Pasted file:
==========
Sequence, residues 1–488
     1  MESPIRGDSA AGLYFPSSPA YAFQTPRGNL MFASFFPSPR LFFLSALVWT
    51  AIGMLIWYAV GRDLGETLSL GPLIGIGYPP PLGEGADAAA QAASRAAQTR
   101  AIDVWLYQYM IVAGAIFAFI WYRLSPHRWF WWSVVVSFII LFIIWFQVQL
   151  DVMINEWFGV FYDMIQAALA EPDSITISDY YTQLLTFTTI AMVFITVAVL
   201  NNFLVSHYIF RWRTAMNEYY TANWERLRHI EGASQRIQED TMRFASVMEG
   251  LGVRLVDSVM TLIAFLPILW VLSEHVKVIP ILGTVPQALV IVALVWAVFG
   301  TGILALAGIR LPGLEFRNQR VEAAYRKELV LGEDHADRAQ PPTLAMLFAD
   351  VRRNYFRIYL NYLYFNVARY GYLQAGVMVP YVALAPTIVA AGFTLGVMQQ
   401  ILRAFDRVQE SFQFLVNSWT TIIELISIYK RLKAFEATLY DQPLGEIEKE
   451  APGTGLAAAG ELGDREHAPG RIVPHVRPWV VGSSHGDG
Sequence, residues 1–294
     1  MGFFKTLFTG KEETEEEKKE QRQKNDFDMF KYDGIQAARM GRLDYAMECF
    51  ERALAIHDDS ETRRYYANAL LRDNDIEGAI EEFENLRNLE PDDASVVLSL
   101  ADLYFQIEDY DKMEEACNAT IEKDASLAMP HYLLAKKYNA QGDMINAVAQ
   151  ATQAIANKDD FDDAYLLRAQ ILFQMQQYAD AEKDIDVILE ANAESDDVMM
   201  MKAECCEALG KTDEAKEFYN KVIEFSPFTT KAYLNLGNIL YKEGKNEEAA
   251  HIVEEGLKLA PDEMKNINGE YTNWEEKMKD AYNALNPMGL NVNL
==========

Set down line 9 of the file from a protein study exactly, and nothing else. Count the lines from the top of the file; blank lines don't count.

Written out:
   351  VRRNYFRIYL NYLYFNVARY GYLQAGVMVP YVALAPTIVA AGFTLGVMQQ